Hammer House of HorrorBarbara KellermanTariq YunusGeoffrey Beevers
Hammer House of Horror 04: Growing Pains
Medium: TV
Year: 1980
Director: Francis Megahy
Writer: Nicholas Palmer
Keywords: horror, Hammer
Country: UK
Series: << Hammer House of Horror >>
Actor: Barbara Kellerman, Gary Bond, Norman Beaton, Tariq Yunus, Matthew Blakstad, Christopher Reilly, Daphne Anderson, Michael Hughes, Anna Simone Scott, Geoffrey Beevers
Format: 51 minutes
Url: http://www.imdb.com/title/tt0595616/
Website category: Horror 1970/80s
Review date: 13 October 2011
Confusing, but in an unusual way. We can see what's happening. There's no ambiguity about that. However even after the closing credits it's still not clear what was causing it, while even the emotionally inadequate performances are likely to have been deliberate.
Their pre-credits sequence isn't the best. A boy (Christopher Reilly) goes into a laboratory that contains lots of animal cages, takes a bottle of an unknown chemical substance off a shelf and eats its contents. Thirty seconds of poor acting later, he dies. Audience verdict: "what a twat". There's also a confusing shot of what might be a dead rabbit which, thinking back, might be the biggest single plot hole in the episode. Why's the bunny dead, then?
The rest of the episode is about his replacement. Reilly's not noticeably hard-grieving parents, Barbara Kellerman and Gary Bond, presumably don't have the spare time to conceive another child in the usual fashion, so instead they adopt. Of course they had to do interviews and so on, but even so I'm sure they were delighted with the time saving. I wouldn't actually call them callous, but they're capable of being breezy. Bond is downright cheerful. He hardly seems to have a care, outside his work breeding protein-rich plants to feed the Third World. Undeniably this could be a world-changing scientific breakthrough, but even so you'd expect him to be taking more notice of the fact that his son died before his eyes and that they're about to adopt another one. As for Kellerman, she's a yummy mummy with a sometimes brittle manner and a busy life of her own. She puts far more effort into their new son than does her husband, but even so her performance doesn't begin to convey the required emotional weight.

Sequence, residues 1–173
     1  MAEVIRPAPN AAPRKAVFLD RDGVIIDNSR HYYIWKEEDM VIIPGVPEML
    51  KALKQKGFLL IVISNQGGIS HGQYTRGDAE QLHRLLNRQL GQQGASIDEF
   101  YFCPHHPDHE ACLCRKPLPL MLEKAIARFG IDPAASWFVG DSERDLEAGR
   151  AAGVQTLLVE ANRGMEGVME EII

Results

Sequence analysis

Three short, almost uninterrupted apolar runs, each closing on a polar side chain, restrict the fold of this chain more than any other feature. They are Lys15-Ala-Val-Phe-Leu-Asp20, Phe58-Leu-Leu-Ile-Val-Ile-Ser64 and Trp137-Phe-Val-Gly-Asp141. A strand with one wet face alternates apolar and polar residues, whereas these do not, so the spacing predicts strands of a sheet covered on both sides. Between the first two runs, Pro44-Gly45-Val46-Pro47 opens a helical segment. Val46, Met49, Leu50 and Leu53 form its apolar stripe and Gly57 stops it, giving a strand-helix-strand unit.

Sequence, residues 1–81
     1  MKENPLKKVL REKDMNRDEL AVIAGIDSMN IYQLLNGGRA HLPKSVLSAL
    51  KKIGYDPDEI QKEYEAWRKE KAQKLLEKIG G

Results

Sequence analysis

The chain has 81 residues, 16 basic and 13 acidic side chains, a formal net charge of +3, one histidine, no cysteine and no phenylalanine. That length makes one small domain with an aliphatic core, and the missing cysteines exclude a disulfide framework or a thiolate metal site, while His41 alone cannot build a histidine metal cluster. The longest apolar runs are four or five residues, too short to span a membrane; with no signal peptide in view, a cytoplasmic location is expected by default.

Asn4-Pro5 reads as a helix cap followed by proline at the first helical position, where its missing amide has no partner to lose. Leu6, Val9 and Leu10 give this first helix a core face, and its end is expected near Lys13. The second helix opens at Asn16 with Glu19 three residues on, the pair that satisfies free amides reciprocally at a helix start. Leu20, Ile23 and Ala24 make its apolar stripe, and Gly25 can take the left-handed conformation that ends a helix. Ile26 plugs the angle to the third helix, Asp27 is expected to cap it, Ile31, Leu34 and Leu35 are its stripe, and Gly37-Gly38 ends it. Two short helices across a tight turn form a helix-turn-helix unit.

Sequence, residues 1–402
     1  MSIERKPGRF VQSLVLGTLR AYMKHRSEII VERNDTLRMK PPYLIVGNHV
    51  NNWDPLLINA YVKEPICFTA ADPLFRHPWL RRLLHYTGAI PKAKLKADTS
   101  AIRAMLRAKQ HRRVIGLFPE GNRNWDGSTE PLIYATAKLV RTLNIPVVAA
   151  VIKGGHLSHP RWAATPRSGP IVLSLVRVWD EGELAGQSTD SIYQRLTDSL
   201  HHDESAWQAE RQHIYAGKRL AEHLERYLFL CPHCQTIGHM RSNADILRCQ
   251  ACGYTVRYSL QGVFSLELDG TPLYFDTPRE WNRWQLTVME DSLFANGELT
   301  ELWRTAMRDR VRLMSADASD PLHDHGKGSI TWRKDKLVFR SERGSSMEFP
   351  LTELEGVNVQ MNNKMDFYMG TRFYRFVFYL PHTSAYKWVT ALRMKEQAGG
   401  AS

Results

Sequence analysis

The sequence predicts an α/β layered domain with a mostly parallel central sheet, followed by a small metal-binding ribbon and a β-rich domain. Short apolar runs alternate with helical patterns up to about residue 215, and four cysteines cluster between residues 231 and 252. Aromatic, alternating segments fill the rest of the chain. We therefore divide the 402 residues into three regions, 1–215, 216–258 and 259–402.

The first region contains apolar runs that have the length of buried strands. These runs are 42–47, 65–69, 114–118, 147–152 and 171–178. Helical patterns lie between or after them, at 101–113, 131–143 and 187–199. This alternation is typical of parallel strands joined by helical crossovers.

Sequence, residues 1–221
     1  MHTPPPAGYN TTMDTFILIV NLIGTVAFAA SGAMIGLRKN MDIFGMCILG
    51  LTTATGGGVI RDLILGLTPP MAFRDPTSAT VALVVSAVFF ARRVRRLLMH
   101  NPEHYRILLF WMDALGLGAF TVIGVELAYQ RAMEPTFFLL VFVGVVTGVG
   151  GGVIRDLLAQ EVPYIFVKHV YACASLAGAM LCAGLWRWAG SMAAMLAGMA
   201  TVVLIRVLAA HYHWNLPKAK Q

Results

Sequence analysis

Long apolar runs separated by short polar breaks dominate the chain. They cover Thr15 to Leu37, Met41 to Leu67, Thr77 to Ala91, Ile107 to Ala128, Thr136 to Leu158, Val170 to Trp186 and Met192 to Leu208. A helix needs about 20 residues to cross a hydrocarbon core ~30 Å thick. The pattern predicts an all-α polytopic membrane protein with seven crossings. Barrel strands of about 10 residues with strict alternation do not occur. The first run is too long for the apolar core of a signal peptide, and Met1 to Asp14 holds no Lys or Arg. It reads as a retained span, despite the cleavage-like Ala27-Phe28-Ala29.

As for the new lad, he's played by one Matthew Blakstad. He's also surprisingly old for a boy who's up for adoption, but I suppose that's just a function of TV production. It's a large role and if you must use a child actor, it's surely better to use one who's fifteen than who's six. Anyway, Blakstad's practically a robot. That's not just bad acting, since it's referenced in the script. He talks like a narrator, seems to have lost his emotion chip and calls his new parents Mr and Mrs Morton instead of "mummy" and "daddy".
This creates unusual tensions. You don't know how much of this is deliberate and how much is bad acting. Blakstad's clearly being directed to play the role like that, so presumably they wanted him to be wooden. Similarly it's part of the plot that Kellerman and Bond didn't have the strongest relationship with Reilly. (Normal boys don't steal and eat unknown substances from their father's laboratory.) It's twice as hard to understand what's going on when you're having to ask yourself whether something was a clue or just the episode being rubbish.